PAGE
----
25 Years in the Insurance Business
In the summer of 1996, I was at a crossroads of sorts.
Nine years prior I had graduated from college and decided to open a frozen yogurt/ice cream shop with my dad who provided the start-up costs. I worked 60 hours a week for 5 years but profits never really took off the way I had imagined, so the decision was made to sell/exit the business. Next, I was hired by Sysco Foods as a sales rep and within two years had over 60 restaurants as clients. I was doing quite well, but never really embraced selling truckloads of chicken and sugar packets to restaurants as a satisfying career.
I knew what I wanted:
- Have a job where my services would leave a client in a better position than they were before meeting with me.
- A sense that what I was doing was worthwhile.
- The potential to make a professional income.
- To be self-employed.
I don’t think many people grow up and dream of being in the insurance business. No child has ever put on a suit and tie and enthusiastically declared to be an insurance salesman. The insurance business finds you, not the other way around.
However, in August of 1996 I saw a classified newspaper listing (the good old days) looking for people who wanted to own their business with potential for growth. I thought it was a multi-level marketing ad which I would have avoided, but I was intrigued, so I called to find out the details. I spoke to a man named Jack Russell, who I still work with today, and he told me we would be selling health insurance.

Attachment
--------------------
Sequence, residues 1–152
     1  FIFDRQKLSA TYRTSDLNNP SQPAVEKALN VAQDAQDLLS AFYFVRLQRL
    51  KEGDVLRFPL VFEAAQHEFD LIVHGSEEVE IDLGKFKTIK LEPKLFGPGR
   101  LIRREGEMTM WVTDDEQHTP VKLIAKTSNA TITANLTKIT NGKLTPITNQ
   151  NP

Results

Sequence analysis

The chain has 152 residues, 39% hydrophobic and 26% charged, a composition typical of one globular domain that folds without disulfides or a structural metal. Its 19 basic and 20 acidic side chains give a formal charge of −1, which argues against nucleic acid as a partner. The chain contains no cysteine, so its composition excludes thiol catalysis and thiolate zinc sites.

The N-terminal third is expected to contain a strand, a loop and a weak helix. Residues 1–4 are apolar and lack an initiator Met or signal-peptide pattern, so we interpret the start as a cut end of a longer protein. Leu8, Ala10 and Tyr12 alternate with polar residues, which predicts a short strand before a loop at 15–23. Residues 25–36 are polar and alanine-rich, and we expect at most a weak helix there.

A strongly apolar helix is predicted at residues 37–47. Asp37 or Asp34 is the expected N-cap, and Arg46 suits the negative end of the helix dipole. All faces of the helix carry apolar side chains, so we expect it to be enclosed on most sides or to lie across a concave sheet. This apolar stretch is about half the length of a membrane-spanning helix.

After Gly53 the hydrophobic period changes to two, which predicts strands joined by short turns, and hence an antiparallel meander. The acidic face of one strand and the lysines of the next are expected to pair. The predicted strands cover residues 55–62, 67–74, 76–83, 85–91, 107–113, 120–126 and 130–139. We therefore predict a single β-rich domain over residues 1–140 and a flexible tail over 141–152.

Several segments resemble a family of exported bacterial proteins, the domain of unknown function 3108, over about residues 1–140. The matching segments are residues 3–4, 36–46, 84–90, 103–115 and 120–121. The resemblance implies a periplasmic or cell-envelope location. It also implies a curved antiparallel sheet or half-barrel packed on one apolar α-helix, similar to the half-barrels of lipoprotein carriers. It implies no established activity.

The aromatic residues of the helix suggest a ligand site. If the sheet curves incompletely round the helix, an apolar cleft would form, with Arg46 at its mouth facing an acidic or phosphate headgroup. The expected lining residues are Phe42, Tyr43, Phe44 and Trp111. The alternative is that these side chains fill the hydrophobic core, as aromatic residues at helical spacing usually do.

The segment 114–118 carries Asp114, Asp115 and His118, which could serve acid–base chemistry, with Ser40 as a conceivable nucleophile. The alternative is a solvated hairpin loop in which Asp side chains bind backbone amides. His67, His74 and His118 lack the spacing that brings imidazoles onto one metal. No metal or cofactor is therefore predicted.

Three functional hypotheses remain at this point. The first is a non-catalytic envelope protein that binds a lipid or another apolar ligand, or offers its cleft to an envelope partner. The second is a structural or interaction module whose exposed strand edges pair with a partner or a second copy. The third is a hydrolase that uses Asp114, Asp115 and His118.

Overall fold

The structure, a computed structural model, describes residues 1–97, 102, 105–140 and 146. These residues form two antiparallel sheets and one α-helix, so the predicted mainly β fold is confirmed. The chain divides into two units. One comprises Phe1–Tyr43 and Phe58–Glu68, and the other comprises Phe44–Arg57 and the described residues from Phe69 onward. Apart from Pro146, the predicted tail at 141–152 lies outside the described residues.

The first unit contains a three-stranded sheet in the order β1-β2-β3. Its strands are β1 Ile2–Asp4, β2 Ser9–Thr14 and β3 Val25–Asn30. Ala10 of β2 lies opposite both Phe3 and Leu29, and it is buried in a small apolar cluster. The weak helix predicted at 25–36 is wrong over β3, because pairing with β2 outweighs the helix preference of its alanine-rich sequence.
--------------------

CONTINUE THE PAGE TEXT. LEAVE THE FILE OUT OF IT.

“How do we get clients?” I asked.
“We put signs on telephone poles, Affordable Health Insurance for Self-Employed,” he answered enthusiastically.
I liked the idea of helping people protect their family from potential financial ruin if/when the unexpected might occur. It sure felt right and it still does today.
So I studied for and passed my insurance exam, quit Sysco, and started climbing up telephone poles posting those signs. Within days the calls came rolling in. I stumbled through a few appointments until I learned how to ask questions and listen.
Jack eventually got hired by New York Life and took me with him. He then started an independent Insurance Marketing Organization and in 1999, I decided to become an independent agent so I could add life insurance and annuities to my practice and my product options would not be limited.
It’s 25 years later, and I can’t imagine doing anything else. I still have my clients from the earlier days of starting this journey and I meet new folks every week. No day is ever the same. Although, COVID has turned many of my appointments into phone calls where I prefer face to face meetings.
Most older insurance brokers don’t usually retire; they just slowly fade away. I don’t know if I have another 25 years in me, but as long as I can pick up the phone, drive my truck and play my guitar, if you call, I’m here to help.